The latest Christmas tradition in the Rames household is a Christmas Eve brisket. To make things extra merry this year, my Costco has started to stock prime briskets!
When picking out a brisket I always shoot for something around 12 lb with a consistent thickness. I have also been known to grab one end and shake it to find the most flexible brisket.
One a side note, I have also heard an old pitmaster’s trick to select a left handed brisket with the thought that most cows are right footed and the right sided always gets more use and thus tougher. I would also add this to my list of criteria if I could figure out what makes a brisket left handed!
Most of the briskets on hand seemed to be too big or too small. I was eyeing one that was around 11 lb, but in the end I just had a better feeling about a smaller about this 10.55 one.
I prepped the brisket the day before Christmas Eve.
After rinsing the brisket I proceeded to trim a ton of fat off of it leaving an 1⁄4 - 1⁄8 inch fat cap. It was almost to the point where I worried it if was enough food! Afterwards, I brushed it with olive oil and then rubbed it down with some hoochie mama rub. With moisture always being a concern I injected it with some low sodium beef broth using my Butterball injector. (I have tried other brands and this one is my favorite).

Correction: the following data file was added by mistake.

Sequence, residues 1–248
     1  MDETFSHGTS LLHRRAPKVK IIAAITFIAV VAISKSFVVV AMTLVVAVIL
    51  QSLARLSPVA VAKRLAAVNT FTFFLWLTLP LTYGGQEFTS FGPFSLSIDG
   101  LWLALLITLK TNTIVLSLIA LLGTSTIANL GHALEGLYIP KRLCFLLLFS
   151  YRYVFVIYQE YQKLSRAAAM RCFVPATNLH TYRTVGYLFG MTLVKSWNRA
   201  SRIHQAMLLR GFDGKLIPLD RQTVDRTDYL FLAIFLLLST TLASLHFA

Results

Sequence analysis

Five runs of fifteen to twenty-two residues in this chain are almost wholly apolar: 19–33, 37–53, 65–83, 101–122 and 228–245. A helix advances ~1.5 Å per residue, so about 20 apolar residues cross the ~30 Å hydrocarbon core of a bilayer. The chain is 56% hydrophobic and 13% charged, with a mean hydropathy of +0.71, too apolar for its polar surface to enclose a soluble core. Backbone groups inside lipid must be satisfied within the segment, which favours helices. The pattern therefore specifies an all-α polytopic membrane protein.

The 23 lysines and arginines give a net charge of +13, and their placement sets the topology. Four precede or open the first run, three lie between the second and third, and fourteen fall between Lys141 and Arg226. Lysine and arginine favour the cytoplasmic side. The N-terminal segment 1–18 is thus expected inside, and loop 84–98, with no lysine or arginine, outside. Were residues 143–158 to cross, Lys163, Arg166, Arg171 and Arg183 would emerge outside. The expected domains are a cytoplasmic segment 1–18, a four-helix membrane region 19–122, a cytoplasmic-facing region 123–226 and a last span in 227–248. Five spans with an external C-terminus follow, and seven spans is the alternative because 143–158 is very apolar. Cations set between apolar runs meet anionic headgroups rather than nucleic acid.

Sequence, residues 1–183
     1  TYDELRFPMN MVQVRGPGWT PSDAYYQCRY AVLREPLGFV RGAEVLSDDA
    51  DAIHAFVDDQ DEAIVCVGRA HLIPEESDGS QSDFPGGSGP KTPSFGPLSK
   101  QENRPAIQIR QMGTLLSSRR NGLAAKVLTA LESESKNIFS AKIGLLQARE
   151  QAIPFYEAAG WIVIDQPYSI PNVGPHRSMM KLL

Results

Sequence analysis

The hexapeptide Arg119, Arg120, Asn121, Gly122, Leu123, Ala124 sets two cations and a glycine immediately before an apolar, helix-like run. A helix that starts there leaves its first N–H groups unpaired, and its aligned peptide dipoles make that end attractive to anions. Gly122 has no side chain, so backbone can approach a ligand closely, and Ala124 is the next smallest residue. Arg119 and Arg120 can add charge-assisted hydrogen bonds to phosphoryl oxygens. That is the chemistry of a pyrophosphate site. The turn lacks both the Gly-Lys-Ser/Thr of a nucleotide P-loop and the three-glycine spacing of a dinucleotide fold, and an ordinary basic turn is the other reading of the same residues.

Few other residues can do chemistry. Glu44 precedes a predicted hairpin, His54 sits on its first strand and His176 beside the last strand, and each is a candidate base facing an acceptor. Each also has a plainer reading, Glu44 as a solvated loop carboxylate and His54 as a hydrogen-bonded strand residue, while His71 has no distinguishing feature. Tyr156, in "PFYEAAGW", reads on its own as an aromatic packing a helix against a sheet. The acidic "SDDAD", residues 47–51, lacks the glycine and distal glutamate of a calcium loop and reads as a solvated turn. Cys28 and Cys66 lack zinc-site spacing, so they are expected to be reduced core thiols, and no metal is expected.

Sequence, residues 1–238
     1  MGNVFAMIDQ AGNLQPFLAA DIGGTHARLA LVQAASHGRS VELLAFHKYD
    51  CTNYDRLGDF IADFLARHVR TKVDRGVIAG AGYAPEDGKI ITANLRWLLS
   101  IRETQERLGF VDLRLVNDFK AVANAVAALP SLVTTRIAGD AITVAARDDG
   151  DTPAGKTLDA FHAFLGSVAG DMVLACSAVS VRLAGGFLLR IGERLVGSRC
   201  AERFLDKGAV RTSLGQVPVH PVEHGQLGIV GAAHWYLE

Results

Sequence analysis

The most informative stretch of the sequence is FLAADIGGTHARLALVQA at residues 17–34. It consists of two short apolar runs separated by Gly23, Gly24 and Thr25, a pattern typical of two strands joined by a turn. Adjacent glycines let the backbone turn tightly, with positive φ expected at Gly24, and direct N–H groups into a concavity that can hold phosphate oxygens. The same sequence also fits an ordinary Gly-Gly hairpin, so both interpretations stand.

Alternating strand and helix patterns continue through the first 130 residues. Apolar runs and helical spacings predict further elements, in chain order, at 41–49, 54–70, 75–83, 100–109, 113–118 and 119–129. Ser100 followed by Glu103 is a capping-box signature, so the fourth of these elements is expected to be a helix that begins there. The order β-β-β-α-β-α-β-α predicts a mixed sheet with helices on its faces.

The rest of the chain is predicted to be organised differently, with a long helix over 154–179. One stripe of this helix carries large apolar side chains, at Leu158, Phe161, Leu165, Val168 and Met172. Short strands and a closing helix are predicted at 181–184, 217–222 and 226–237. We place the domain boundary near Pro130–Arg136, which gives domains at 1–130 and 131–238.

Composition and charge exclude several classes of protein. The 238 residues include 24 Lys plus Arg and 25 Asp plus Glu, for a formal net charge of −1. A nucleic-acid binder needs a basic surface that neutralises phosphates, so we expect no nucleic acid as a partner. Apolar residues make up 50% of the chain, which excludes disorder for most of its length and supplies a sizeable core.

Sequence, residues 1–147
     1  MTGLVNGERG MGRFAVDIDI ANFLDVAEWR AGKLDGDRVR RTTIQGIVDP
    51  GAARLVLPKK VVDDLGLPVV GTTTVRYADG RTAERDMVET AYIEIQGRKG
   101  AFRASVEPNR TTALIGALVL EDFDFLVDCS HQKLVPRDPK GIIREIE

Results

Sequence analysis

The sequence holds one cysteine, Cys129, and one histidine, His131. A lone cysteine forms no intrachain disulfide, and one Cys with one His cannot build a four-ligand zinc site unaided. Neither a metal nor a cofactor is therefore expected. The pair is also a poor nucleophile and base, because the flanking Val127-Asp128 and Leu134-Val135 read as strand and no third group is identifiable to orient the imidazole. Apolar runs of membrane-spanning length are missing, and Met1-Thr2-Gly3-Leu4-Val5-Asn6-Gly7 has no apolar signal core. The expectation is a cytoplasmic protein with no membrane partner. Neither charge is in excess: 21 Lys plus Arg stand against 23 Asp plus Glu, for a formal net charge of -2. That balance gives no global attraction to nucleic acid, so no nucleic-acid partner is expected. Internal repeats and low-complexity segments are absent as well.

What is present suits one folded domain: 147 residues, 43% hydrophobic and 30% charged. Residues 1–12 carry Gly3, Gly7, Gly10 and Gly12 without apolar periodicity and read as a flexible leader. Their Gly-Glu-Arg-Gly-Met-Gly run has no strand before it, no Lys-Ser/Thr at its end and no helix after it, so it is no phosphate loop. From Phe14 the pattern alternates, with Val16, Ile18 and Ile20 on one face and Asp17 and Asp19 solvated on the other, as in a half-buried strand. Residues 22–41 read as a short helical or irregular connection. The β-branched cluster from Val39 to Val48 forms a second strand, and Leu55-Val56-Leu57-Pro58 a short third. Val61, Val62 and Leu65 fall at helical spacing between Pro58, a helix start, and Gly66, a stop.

This is what it looked like after prep:
I always used to cook my briskets on my Big Green Egg at 225°F, but I seem to have had better luck kicking it up to 250°F. My wood of choice has always been Mesquite for brisket. (Although, I would love to try post oak if I could find it in chunks).
The cook went down like this:
- Brisket on at 8am
- Brisket hit 160°F at 10am. I wrapped it in aluminum foil along with some extra beef broth.
- Brisket hit 165°F at 11am
- Brisket hit 190°F at 12pm
- Brisket hit 197°F at 12:40pm. My thermapen went in and out like warm butter so I pulled it.
After I pulled it I added an another layer of foil. I then wrapped it up in a couple towels and placed it in an oven upside down so that the meat could reabsorb some of the lost juices (The oven was off). I checked the temperature every hour. At about the 3 hour mark it was dangerously close to 140°F so I removed the towels and turned the oven to warm. About an hour before dinner, my wife needed the oven so I moved it onto Weber Genesis. I turned one burner on low and continued to watch the temperature.
At about 30 minutes prior to serving I removed it from the aluminum foil reserving the juices. I seared it on my genesis for 5 minutes a side. I poured some of the reserved juices on it and let it rest an additional 30 minutes out in the open.
I think this might be my best brisket yet.
I have always stuggled to get my timing down. Looking at the past couple cooks I feel the right amout time for my technique is about 30 minutes per pound with 2 hours of resting in the oven. After which, I should sear it and pull it out in the air for 30 minutesish.
Other ideas for experimentation:
- Use a classic Texas salt and pepper rub.
- Forgo the aluminum foil during the cooking process. (I am waiting for a pit controller before doing this as I think it would necessitate an over night cook)